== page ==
• http://www.idelette.com idelette

      Beauty totally does it for me too, Saskia!

      Awww, I love that you remember your Victoria field trip!

  • Sandy Hay

    Music makes my soul sing…classical or worship…but I’m quite particular. And always books. Today it was a book of poetry by Madeleine L’Engle plus the beautiful changing leaves in my neighborhood.

    • http://www.idelette.com idelette

      So fascinating to hear + that you’re particular about which music.

      The leaves in my neighbourhood are stunning too. Every time I drive up the hill … I try and take a moment to soak up the beauty.

  • Loreli Cockram

    Good question, thanks for asking!
    I actually have a category of Notes on Evernote called, “Things to think about.” When I hear of a concept that interests me when I don’t have time to dwell on it, I save it for when I do. If I have an extra 5-10 minutes, I’ll choose something I’ve listed, and contemplate it for a while, turning it around and around in my brain and add questions I have about it or consider the scenario from various angles. It’s a different kind of prayer, as I ask God to give me wisdom and understanding. It also helps keep my brain from spinning when I know I can come back to it later.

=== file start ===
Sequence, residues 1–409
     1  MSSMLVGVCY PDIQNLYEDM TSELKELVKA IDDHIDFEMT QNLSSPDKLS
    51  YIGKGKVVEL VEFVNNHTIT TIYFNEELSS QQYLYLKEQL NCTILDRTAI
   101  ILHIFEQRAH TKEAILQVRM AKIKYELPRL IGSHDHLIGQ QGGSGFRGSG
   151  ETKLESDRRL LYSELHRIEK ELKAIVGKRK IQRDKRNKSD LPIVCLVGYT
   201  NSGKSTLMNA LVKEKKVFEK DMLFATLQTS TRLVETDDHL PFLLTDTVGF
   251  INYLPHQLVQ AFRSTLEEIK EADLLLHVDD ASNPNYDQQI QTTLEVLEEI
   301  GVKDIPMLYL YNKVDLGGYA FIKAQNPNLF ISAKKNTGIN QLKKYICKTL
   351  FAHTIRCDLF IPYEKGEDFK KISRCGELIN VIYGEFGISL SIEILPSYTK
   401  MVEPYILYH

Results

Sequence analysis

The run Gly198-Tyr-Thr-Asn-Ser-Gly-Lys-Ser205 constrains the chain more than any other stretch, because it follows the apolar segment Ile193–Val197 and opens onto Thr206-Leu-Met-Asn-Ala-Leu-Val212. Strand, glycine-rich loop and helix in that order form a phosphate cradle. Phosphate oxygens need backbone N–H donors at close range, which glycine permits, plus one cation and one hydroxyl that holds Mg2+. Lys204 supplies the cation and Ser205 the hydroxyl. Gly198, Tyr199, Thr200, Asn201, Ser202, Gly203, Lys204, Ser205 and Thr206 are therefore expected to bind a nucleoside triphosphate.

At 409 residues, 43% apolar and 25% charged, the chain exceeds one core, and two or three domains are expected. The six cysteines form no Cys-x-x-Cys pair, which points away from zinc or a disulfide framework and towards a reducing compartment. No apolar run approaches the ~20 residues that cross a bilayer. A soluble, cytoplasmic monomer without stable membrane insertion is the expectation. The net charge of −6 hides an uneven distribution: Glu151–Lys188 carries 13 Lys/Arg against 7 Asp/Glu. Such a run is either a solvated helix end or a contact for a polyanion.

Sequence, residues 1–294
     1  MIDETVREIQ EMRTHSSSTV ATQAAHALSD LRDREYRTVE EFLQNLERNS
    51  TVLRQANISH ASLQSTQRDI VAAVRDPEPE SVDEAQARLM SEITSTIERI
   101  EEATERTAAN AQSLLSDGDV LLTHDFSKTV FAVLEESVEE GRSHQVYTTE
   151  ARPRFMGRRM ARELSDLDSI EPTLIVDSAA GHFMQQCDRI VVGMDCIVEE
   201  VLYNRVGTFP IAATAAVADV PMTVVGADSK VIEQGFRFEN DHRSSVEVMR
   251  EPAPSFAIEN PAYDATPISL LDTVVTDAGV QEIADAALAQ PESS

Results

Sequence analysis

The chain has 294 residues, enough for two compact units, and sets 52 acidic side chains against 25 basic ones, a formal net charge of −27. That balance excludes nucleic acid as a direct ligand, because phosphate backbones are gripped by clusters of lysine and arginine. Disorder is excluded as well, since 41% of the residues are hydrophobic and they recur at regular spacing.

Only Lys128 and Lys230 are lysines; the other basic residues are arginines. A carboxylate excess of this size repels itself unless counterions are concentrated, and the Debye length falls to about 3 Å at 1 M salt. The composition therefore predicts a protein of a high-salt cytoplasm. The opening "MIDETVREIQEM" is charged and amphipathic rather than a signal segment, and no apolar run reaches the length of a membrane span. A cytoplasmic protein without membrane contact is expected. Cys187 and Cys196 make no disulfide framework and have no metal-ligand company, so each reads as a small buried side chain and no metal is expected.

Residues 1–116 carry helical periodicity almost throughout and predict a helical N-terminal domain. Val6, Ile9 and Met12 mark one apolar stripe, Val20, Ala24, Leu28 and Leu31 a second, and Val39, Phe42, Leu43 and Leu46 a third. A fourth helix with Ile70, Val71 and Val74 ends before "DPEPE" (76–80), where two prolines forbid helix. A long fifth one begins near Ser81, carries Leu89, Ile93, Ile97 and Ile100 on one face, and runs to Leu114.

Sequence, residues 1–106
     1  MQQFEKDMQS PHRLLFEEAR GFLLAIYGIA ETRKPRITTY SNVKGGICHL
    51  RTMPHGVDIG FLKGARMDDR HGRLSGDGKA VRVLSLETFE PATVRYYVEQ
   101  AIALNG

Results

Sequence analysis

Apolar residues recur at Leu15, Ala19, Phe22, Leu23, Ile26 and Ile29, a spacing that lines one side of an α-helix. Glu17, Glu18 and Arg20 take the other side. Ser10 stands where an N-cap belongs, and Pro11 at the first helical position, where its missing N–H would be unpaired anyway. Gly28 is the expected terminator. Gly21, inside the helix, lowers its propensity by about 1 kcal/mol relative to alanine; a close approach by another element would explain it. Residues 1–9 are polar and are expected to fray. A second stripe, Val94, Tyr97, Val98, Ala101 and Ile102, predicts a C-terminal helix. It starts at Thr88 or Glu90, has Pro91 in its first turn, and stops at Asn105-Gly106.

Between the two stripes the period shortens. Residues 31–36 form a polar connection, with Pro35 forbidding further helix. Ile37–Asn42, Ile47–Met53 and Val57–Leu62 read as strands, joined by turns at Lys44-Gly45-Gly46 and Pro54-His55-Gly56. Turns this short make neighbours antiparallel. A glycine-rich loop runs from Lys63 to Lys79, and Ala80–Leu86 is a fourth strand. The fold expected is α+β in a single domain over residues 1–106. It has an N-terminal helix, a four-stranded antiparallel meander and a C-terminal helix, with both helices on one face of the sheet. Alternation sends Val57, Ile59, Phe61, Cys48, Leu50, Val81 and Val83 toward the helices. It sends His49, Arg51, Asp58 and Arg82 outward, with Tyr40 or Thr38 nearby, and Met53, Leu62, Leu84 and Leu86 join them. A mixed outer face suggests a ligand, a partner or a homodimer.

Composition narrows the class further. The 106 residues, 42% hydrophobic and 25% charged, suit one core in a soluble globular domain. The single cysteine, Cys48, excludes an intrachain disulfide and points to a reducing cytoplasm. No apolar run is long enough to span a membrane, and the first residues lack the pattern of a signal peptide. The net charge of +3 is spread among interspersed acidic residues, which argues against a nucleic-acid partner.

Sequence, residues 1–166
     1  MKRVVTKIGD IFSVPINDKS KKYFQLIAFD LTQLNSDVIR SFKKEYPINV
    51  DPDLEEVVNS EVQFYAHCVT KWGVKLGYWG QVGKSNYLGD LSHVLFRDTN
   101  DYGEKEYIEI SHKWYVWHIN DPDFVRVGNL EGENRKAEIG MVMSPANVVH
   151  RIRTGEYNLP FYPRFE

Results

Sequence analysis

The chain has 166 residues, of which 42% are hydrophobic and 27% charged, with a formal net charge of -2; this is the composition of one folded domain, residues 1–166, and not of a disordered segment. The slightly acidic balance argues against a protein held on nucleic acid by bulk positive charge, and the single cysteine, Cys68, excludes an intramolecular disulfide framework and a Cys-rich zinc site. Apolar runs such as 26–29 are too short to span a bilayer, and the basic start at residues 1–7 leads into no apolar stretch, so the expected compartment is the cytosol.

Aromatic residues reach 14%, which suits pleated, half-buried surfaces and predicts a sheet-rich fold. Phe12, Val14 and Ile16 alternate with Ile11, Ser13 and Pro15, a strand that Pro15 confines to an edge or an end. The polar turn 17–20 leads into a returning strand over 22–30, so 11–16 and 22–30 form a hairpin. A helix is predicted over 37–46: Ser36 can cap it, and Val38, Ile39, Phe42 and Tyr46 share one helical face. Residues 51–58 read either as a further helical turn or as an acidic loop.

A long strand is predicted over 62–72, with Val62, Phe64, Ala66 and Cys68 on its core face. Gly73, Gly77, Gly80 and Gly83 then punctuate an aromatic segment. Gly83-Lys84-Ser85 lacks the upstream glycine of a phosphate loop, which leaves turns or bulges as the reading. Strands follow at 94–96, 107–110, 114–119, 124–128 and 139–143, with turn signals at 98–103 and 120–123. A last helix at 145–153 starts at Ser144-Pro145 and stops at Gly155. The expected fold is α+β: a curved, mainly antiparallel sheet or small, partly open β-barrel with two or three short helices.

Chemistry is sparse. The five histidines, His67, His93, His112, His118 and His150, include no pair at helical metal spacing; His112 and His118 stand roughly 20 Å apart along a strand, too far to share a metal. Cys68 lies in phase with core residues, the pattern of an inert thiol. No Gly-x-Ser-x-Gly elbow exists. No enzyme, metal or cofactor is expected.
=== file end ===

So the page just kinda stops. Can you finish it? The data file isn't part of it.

• http://www.idelette.com idelette

      I love that, Loreli! I totally “get” those ideas that you want to explore further later. But a whole folder of them? Brilliant.

    • Ellen Graf-Martin

      Lor – this is (one reason) why I think you’re amazing. You are ridiculously thought-full!

  • Ellen Graf-Martin

    I had to really think about this question – it took me a few days! I think it’s connecting with another person in some encouraging way. I often feel too busy to pick up the phone, or write a whole email, but I’ve found that my heart feels more full when I’ve chosen to use my time to connect with another person’s heart. I’m loving Voxer, because I can just pick up the phone and leave a quick voicemail for those people who are on my heart and mind, and let them know i’m thinking of them and praying, rather than not doing anything because it might take too long.

  • Jessica Turner

    I’m so glad that you were inspired to read more in those times of waiting. Very, very cool. Good for you!